Transgenders, the military, and the folly of the liberal intellectuals

Much has been said today about President Trump’s ban on transgenders in the military. I have been listening to NPR and it seems to be the only story worthy of coverage.  I want to call in and suggest that, in their own best interest, they just stop.

In the six months leading up to the last election, it seemed that the top story that liberal politicians or the left-leaning media wanted to cover was which bathroom transgenders can use. While the Republicans were acknowledging the loss of opportunity, shrinking family buying power, and fears of national security, the Democrats were myopically focused on bathrooms for less than 0.3% of the population.

Before I continue let me say that I believe that transgenders deserve the exact same rights as all Americans, and if they are competent and wish to serve their country, they should be allowed to do so. But my point isn’t one of rights, but rather how political parties accomplish their objectives.

The simple fact is that issues around transgenders hurt Democrats. The press has been quick to point out that the amount the military spends on healthcare for transgenders – Trump’s reason for banning them – is really small. Yet they fail to acknowledge that part of the reason it is small is that there just aren’t many of them in the military. In fact, there aren’t many of them anywhere. This group isn’t getting anyone elected. Meanwhile, the really really big group that the Democratic party counts upon, middle-America union workers, lower-middle-class families, and veterans, simply isn’t supportive of this issue.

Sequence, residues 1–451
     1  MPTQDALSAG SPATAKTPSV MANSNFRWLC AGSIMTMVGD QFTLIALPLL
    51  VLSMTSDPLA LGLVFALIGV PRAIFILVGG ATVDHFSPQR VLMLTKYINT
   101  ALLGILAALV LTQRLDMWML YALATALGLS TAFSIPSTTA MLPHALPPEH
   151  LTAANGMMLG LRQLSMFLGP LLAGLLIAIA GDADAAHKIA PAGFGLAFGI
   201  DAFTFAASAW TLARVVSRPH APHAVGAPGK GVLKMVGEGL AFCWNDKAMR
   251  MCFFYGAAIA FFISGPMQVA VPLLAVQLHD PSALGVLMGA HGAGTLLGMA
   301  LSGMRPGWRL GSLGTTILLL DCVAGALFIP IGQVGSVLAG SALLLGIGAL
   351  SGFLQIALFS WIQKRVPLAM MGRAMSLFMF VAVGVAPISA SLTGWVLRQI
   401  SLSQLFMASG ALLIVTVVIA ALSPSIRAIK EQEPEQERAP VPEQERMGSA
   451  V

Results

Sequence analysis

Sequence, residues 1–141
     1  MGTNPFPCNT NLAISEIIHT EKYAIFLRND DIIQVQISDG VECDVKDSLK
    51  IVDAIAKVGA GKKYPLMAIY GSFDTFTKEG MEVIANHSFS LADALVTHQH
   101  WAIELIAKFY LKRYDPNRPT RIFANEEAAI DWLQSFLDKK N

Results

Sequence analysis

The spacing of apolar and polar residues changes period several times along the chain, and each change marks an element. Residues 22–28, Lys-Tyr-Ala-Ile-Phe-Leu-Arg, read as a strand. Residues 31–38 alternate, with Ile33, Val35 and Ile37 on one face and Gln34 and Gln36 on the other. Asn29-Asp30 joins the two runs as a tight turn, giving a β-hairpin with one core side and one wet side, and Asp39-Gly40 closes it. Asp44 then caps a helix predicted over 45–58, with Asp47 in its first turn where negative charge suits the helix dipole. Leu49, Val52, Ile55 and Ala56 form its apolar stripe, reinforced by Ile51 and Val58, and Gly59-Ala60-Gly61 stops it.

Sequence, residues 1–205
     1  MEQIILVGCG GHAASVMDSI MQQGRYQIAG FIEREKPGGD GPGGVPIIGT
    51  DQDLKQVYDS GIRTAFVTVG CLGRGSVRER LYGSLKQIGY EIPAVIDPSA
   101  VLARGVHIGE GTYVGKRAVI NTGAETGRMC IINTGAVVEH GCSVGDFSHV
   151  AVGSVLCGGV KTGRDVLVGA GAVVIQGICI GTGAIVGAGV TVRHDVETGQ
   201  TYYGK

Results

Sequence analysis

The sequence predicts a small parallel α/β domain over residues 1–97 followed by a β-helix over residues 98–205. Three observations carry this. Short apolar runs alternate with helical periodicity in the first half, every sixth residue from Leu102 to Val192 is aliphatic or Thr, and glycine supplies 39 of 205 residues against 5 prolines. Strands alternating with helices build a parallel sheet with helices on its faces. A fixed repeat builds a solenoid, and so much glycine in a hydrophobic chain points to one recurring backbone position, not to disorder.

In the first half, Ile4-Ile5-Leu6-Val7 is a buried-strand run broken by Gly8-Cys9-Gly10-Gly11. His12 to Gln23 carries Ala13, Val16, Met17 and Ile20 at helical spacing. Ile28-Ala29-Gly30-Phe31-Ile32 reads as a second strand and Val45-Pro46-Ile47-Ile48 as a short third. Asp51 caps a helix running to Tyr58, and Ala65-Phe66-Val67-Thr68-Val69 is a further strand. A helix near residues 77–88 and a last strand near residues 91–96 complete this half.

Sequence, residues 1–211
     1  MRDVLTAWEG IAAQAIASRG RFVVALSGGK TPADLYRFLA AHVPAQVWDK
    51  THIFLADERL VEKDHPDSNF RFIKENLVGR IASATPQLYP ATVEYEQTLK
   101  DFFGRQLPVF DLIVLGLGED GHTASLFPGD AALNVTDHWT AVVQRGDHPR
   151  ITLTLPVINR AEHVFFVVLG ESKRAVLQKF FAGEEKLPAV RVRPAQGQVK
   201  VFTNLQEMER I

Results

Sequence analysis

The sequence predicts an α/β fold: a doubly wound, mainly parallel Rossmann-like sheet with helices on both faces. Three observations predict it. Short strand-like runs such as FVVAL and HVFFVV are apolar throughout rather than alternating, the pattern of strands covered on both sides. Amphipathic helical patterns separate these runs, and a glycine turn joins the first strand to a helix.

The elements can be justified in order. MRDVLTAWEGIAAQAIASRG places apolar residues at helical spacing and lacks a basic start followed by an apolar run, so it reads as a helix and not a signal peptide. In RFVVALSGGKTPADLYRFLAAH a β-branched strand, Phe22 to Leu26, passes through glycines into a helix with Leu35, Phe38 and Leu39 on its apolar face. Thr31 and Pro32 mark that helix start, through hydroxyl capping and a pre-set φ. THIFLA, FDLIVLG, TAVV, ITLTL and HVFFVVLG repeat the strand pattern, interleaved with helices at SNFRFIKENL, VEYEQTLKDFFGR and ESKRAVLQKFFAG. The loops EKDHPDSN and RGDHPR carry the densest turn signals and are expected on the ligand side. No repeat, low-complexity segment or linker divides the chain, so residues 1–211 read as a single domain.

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Dr. Jennifer Conti, a surgeon and expert on transgender issues discussed the ban on NPR’s The Takeaway today.

But the intellectual liberal protectors of the Democrat party see this as an attack on their interpretation of the Democrat ideal. Equal rights are not negotiable, and when given the opportunity to stand self-righteous, they will rise to the call even if it puts them at odds with the majority of their party.

Trump didn’t put a ban on transgenders in the military because he thinks it makes the military better. He did it because he knows that it further fractures the Democrat party and distracts American voters away from the things they care about – like the President’s own failed promises on health care and immigration.

It’s bait, people. Don’t be stupid.

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Is the NEA really necessary?

The National Endowment for the Arts works for a few institutions and artists, but the amount of ill-will it creates offsets the good. The art world – and country – would be better off without it.

The NEA has lost its relevance. There was a time when the art world revolved around Europe. The creators of The NEA sought to ensure that the post-war America was as competitive in the arts as we had proven to be in manufacturing and commerce. Within a generation, they had accomplished their mission. By the mid-1980s, New York had overtaken Paris as the center of the art world. Today, the US has more galleries, art professionals, and museums than any other nation. We also have the most artists. In fact, there are too many artists and too much art being made.

Yikes, what? The art world hates to see this written but knows it to be true. Regularly, conversations between members of the community often try to quantify the problem. It seems that for every institutionally recognized artist, there are ten unheralded artists making a living through gallery sales. For every shown artist, there are another ten selling out of their garage. And for every one of those, there are another ten that will never sell any work at all. That is a lot – and an almost uncalculatable number – of artists working in the US.